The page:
The Picture of Dorian Gray

Oscar Wilde

65 

Elektronická kniha: Oscar Wilde – The Picture of Dorian Gray (jazyk: Angličtina)

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Oscar Wilde: The Picture of Dorian Gray

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CHAPTER VII

As he was sitting at breakfast next morning, Basil Hallward was shown into the room.

"I am so glad I have found you, Dorian," he said, gravely. "I called last night, and they told me you were at the Opera. Of course I knew that was impossible. But I wish you had left word where you had really gone to. I passed a dreadful evening, half afraid that one tragedy might be followed by another. I think you might have telegraphed for me when you heard of it first. I read of it quite by chance in a late edition of the Globe, that I picked up at the club. I came here at once, and was miserable at not finding you. I can't tell you how heart-broken I am about the whole thing. I know what you must suffer. But where were you? Did you go down and see the girl's mother? For a moment I thought of following you there. They gave the address in the paper. Somewhere in the Euston Road, isn't it? But I was afraid of intruding upon a sorrow that I could not lighten. Poor woman! What a state she must be in! And her only child, too! What did she say about it all?"

"My dear Basil, how do I know?" murmured Dorian, sipping some pale-yellow wine from a delicate gold-beaded bubble of Venetian glass, and looking dreadfully bored. "I was at the Opera. You should have come on there. I met Lady Gwendolen, Harry's sister, for the first time. We were in her box. She is perfectly charming; and Patti sang divinely. Don't talk about horrid subjects. If one doesn't talk about a thing, it has never happened. It is simply expression, as Harry says, that gives reality to things. Tell me about yourself and what you are painting."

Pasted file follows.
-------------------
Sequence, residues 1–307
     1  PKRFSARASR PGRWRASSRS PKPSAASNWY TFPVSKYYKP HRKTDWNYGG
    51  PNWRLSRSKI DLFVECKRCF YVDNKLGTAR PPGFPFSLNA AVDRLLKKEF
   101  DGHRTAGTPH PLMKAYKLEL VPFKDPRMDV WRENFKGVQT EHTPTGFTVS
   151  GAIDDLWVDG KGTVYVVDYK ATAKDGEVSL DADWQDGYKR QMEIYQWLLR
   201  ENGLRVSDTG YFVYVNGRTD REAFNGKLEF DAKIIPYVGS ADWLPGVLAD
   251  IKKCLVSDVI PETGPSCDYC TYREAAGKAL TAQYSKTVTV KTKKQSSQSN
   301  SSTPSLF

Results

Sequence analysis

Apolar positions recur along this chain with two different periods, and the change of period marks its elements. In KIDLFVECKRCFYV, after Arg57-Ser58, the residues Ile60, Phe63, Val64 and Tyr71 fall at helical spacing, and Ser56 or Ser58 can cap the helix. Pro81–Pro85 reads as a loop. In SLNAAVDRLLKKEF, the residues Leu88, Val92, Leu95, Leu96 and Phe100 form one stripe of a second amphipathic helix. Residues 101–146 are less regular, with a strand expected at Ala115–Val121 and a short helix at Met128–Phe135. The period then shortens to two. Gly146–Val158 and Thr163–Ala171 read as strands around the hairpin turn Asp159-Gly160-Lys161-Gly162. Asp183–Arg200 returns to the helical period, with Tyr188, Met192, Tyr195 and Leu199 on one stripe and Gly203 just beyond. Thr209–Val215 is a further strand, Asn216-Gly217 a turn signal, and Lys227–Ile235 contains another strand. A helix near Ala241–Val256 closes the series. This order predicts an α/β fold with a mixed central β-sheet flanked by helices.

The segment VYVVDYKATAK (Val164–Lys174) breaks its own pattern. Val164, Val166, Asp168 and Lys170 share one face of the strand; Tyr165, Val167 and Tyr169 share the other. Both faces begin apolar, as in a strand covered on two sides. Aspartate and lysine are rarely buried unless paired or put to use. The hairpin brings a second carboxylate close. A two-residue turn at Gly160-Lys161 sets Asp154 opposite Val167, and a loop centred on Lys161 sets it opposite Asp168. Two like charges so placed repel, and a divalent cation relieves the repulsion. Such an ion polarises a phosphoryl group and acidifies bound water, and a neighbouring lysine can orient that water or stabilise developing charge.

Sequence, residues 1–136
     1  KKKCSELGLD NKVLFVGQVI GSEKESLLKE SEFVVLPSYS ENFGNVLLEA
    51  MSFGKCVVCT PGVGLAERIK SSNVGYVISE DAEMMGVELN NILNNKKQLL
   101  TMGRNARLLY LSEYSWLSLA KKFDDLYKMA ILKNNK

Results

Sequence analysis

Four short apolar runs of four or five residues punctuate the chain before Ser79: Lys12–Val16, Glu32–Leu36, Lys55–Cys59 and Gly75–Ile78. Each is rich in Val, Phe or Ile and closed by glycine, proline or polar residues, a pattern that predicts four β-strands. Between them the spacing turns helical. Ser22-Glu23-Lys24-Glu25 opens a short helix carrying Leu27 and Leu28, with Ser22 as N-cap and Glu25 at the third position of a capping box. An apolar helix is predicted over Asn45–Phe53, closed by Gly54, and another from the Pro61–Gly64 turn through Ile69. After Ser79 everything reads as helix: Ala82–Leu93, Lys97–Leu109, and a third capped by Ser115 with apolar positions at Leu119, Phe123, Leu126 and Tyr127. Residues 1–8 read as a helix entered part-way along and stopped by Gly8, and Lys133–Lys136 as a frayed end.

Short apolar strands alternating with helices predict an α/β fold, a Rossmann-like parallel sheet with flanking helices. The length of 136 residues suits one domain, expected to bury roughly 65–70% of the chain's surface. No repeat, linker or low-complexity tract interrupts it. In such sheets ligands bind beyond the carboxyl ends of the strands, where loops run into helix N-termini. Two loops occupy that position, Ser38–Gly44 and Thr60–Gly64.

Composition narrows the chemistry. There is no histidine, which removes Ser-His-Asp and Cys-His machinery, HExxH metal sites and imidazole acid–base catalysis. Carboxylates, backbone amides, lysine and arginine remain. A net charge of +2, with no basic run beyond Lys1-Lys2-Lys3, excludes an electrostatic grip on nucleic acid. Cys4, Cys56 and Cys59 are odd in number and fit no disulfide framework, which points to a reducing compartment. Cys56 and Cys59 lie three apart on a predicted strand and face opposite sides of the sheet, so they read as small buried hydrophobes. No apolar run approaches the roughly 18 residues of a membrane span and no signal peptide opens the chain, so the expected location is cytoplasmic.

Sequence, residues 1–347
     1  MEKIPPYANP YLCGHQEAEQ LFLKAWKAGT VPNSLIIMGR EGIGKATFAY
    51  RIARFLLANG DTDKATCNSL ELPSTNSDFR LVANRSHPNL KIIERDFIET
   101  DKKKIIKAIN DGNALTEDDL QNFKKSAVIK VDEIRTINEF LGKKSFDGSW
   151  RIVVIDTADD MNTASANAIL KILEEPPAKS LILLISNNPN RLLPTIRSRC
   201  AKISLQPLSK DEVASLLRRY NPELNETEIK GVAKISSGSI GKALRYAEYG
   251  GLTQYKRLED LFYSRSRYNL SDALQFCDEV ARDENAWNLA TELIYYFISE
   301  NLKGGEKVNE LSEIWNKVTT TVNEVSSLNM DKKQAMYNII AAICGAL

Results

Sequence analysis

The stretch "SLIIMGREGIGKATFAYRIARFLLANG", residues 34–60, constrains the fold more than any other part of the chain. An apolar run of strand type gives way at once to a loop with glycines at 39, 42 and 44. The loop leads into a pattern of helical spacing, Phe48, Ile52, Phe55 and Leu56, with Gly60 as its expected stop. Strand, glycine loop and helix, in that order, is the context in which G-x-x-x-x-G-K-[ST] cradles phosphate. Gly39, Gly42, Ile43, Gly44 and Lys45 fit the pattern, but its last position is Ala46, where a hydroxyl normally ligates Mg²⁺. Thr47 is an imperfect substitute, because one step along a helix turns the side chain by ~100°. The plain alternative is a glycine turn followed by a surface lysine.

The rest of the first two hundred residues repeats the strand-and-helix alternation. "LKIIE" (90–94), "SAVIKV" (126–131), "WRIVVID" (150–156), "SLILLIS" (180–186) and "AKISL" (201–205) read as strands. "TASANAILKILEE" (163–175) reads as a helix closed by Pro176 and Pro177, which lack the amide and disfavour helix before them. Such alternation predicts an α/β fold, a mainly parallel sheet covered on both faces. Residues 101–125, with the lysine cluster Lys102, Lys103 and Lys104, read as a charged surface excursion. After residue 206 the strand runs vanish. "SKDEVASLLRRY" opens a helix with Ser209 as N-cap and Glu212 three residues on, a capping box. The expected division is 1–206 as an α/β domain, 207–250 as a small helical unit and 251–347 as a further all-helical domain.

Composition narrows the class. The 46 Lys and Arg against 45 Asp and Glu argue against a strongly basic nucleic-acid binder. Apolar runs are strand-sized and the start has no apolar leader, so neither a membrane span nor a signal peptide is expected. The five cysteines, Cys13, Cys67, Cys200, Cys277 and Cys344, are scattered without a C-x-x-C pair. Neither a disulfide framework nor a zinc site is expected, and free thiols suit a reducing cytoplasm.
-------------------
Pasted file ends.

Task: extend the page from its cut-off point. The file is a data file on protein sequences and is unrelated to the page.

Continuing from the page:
"You went to the Opera?" said Hallward, speaking very slowly, and with a strained touch of pain in his voice. "You went to the Opera while Sibyl Vane was lying dead in some sordid lodging? You can talk to me of other women being charming, and of Patti singing divinely, before the girl you loved has even the quiet of a grave to sleep in? Why, man, there are horrors in store for that little white body of hers!"

"Stop, Basil! I won't hear it!" cried Dorian, leaping to his feet. "You must not tell me about things. What is done is done. What is past is past."

"You call yesterday the past?"

"What has the actual lapse of time got to do with it? It is only shallow people who require years to get rid of an emotion. A man who is master of himself can end a sorrow as easily as he can invent a pleasure. I don't want to be at the mercy of my emotions. I want to use them, to enjoy them, and to dominate them."

"Dorian, this is horrible! Something has changed you completely. You look exactly the same wonderful boy who used to come down to my studio, day after day, to sit for his picture. But you were simple, natural, and affectionate then. You were the most unspoiled creature in the whole world. Now, I don't know what has come over you. You talk as if you had no heart, no pity in you. It is all Harry's influence. I see that."

The lad flushed up, and, …